Second, we are in the somewhat peculiar position of Parliament, rather than the government, being the abusive body. Specifically, Parliament has effectively taken control of the elected government by denying it both a working majority and its desire for a general election, a situation which would not normally have been possible prior to 2011 when the dissolution of Parliament was part of the Royal Prerogative. No future government will want to find itself trapped in this current situation of believing that the country is behind it while having to accept and enforce legislation with which it fundamentally disagrees. Moreover, Brexiteers are likely to view Parliament as having been the problem throughout the entire saga. Even Theresa May – as soon as the details of her sorry tenure have faded into memory – may end up scraping a pass. For even though she was a Remainer who failed to embrace leaving the EU with any gusto, at least she was committed to a plan which would have removed Britain as a party to the EU treaties – something which, in spite of the awfulness of her proposed withdrawal agreement, may come to be viewed as preferable to the current limbo. As it was Parliament which thrice rejected this plan it will be Parliament which takes the blame.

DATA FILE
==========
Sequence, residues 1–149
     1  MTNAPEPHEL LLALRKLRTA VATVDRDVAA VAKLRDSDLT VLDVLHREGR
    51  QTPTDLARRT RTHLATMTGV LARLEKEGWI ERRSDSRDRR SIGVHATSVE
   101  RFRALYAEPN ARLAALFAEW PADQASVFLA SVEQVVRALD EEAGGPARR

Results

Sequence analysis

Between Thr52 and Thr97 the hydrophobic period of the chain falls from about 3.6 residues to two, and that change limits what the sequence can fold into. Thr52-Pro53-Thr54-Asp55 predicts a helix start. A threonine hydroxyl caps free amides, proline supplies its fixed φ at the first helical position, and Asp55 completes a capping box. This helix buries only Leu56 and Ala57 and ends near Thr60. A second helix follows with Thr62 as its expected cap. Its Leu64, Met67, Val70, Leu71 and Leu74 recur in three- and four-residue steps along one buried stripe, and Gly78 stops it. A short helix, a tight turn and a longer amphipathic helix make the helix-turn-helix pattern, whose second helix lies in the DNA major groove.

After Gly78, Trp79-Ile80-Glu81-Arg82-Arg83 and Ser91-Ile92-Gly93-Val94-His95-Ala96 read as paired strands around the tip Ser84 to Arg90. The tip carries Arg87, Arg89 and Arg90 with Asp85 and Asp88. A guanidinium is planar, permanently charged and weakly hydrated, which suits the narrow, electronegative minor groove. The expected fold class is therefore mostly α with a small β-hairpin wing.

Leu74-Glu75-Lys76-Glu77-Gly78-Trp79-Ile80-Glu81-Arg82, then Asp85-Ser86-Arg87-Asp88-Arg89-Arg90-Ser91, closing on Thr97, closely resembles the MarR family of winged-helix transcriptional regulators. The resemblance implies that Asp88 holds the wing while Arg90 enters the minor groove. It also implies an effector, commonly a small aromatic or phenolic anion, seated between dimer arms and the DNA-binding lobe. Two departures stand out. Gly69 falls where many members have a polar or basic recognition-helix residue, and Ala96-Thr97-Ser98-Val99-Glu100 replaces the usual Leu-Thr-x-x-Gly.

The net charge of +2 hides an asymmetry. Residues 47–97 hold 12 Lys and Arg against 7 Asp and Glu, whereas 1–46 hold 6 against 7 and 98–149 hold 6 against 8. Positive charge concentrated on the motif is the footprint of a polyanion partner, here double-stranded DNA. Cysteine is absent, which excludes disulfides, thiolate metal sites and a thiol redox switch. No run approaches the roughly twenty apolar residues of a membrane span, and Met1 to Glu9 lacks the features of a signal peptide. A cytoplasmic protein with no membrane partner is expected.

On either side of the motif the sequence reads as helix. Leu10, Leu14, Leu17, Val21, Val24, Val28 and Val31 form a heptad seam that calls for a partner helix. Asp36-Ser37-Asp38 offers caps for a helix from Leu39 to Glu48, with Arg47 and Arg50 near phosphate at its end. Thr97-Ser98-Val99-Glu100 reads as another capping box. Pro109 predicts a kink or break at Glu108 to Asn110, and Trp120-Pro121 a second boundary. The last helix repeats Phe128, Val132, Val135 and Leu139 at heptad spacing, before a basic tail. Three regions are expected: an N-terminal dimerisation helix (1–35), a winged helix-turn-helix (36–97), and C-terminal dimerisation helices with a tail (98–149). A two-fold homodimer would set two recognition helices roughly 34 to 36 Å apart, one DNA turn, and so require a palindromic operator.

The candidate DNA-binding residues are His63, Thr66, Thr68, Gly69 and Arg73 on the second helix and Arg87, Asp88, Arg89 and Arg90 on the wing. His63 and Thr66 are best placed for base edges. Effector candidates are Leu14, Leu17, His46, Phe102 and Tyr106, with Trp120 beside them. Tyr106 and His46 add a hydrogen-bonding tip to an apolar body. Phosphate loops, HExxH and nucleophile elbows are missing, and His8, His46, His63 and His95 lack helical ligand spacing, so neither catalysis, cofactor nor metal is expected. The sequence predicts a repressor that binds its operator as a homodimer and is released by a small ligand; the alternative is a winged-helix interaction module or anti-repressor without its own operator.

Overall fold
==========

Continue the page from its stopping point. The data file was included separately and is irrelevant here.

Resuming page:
In ordinary times, however, it is the government – by virtue of its majority in the house and control of the legislative agenda – that has the wherewithal to usurp or abuse political power, a situation which the late Lord Hailsham referred to as an “elective dictatorship”.  Indeed, the problem most of the time is not an excess of parliamentary scrutiny of government but, rather, a lack of it. (Libertarians can only lament the fact that the recent heights of antagonism between executive and legislature did not emerge during times when the government wanted to increase taxes and spending, or take us to war). But any cry for reform in the near future is likely to be directed at restricting the legislature rather than the government. Certainly we can expect the repeal of the Fixed-Term Parliaments Act (or at least an amendment that lends greater flexibility in calling an election to the government if it loses its working majority). But, after the next election, we may be greeted also by a renewed and emboldened executive that will proceed to consolidate its power by blocking off all of the constitutional/procedural checks on government (both conventional and novel) via which Parliament was able to bring us to the current situation.